Wind power in Sri Lanka

By using the wind energy potential on the northwest coast of Sri Lanka, significant amounts of CO2 can be saved per year. As part of the construction of the wind farm, roads and buildings were built for public use.

When the 10-megawatt wind farm – the first privately operated wind farm in Sri Lanka – went into operation in 2010, it set an important signal for climate-friendly generation from renewable energies. Until now, the island nation’s power grid has been supplied mainly from thermal plants based on fossil fuels such as diesel, oil, naphtha, and coal. Now, with eight wind turbines, Mampuri-I feeds more than 27 gigawatt hours of clean electricity into the grid each year.

New road network improves mobility

In the region on the northwestern coast, people make their living mainly from fishing and agriculture. In the course of the wind farm construction, the infrastructure, which had previously consisted of sand roads, was expanded: The new road network significantly increases the mobility of the inhabitants. In addition, a preschool, a playground, and a church were built, among other things.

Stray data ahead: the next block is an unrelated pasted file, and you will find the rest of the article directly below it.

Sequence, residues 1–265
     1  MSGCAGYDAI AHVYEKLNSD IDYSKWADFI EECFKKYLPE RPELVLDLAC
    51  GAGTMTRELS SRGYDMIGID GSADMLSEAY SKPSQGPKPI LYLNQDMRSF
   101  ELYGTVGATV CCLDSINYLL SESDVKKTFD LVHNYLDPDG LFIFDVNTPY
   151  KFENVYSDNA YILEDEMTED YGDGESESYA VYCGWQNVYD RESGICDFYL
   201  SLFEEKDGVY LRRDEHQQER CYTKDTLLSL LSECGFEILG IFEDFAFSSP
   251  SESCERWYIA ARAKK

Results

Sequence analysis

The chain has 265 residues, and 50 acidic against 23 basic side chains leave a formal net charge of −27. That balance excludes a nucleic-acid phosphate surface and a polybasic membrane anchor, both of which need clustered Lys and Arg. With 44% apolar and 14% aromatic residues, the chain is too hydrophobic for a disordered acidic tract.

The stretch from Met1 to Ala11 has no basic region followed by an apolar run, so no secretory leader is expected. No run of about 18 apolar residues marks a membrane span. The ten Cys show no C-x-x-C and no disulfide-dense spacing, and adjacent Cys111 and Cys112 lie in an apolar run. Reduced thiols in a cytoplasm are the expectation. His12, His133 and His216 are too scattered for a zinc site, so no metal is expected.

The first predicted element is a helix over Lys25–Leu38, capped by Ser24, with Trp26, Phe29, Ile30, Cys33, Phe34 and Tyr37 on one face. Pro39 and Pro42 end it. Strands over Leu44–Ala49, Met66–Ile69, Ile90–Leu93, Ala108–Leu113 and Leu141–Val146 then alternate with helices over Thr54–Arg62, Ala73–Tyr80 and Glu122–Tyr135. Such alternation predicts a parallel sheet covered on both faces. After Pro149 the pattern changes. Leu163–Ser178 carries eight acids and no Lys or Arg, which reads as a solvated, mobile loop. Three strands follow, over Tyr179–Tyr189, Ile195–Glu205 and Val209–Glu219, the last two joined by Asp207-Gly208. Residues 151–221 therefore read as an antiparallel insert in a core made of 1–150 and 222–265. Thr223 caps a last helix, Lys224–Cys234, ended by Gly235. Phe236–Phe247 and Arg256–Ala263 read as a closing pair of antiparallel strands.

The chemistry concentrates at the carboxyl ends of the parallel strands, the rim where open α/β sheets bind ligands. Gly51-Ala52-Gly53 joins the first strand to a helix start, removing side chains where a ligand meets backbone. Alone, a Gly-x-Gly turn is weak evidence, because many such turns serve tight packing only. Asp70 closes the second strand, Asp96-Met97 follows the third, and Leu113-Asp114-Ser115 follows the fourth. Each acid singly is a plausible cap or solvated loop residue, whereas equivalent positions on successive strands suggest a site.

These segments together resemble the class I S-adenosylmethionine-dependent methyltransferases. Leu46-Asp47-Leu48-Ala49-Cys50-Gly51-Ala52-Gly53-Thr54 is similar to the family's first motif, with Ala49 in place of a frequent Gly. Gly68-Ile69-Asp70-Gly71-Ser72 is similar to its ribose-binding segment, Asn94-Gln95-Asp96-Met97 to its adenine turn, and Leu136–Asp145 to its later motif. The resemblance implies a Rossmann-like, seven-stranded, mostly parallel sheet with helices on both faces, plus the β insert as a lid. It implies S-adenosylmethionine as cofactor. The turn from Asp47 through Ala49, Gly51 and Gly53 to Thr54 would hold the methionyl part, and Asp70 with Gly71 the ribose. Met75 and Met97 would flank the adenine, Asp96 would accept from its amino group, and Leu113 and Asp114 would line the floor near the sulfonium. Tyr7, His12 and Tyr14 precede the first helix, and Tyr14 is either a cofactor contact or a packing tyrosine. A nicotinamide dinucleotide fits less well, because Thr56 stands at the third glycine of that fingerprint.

Ecological effects:

    • First 10-megawatt wind farm in Sri Lanka
    • Important signal for renewable energy generation: So far mainly supply from thermal plants generating electricity based on fossil resources (diesel, crude oil, and coal))
    • CO2 savings of approximately 18,768 tons of CO2 per year

Positive social and economic side effects:

  • Optimization of on-site infrastructure: Construction and maintenance of roads and access roads by the project owner
  • Continuous promotion of social institutions and initiatives in exchange with the local population
  • Information events for students to familiarize them with the technology and the scope of the project